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The UPHA American Royal Raises Over $16,000 in Inaugural “Pink Ribbon Class.”



 


Gayle Lampe and CH Callaway’s Born To Win,

Ladies Five-Gaited National Champions and

winners of the inaugural “Pink Ribbon” class.
(photo by Avis)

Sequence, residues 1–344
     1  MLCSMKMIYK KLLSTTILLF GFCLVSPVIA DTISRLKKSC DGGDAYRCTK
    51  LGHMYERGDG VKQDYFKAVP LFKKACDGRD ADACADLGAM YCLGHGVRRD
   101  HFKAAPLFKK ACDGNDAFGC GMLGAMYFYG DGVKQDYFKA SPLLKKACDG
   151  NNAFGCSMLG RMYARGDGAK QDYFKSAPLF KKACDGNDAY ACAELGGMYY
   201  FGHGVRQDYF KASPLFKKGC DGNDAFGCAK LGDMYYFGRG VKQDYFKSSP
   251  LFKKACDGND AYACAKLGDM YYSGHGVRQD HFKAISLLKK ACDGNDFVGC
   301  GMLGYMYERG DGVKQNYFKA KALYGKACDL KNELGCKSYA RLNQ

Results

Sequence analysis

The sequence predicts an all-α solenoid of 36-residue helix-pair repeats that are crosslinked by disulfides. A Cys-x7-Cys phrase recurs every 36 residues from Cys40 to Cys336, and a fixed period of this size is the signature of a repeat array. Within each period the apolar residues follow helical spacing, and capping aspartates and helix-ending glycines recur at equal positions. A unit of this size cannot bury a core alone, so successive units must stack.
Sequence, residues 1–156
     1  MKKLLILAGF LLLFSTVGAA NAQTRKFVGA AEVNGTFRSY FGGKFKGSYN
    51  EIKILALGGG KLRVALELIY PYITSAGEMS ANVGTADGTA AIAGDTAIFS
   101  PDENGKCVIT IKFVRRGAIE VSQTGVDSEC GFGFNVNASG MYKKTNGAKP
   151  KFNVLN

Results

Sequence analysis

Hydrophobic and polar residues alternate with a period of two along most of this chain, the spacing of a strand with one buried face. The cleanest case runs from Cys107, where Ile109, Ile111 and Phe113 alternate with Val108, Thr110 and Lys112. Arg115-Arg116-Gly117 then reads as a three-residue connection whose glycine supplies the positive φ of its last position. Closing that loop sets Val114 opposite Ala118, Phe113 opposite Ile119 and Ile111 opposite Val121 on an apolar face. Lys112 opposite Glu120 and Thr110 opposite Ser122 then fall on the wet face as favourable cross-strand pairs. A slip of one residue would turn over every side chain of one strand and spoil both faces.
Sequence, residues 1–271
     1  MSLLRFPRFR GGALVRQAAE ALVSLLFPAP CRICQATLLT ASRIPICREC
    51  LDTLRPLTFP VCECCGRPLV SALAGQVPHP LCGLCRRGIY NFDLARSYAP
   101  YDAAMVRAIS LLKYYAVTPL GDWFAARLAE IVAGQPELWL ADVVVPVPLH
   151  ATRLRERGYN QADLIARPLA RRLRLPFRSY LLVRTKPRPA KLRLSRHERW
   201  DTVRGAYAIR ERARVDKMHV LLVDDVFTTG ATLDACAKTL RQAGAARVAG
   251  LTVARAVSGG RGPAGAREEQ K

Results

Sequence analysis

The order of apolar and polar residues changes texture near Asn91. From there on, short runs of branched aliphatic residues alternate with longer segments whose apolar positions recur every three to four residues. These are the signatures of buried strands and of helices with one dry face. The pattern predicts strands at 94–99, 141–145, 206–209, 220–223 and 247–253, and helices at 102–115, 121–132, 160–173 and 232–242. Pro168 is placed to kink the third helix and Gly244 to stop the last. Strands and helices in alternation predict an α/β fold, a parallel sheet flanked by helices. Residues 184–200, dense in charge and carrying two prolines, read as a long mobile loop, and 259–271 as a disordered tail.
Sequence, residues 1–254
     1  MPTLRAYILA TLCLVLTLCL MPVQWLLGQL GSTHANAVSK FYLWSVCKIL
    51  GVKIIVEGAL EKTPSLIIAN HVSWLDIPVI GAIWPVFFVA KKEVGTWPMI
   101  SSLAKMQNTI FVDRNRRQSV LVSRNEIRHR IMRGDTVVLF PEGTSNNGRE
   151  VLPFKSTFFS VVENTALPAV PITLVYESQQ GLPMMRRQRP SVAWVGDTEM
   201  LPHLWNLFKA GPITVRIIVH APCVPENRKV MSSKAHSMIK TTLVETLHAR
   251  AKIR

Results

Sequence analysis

On November 16, 2007, the UPHA American Royal National Championship Horse Show presented the first-ever “Pink Ribbon Class” and the horse show community “showed pink” for the day to raise over $16,000 for breast cancer research.  “The response to this event has been overwhelmingly enthusiastic,” reported Ann Rowland, chair of the American Royal Horse Show committee in Kansas City.  “Everyone came together, each person did their bit to make this a terrific success.”  The originator of the event, Kayce Bell, added: “This was just a kernel of an idea last spring – a ‘what if’ conversation between Jimmy Robertson and me as I was recovering from my own surgery and getting back into riding and driving.  We have been truly humbled by the way everyone embraced this idea and made it into something bigger and better than we ever imagined it could be.  The Royal was the perfect place for the Pink Ribbon Class to come to life.”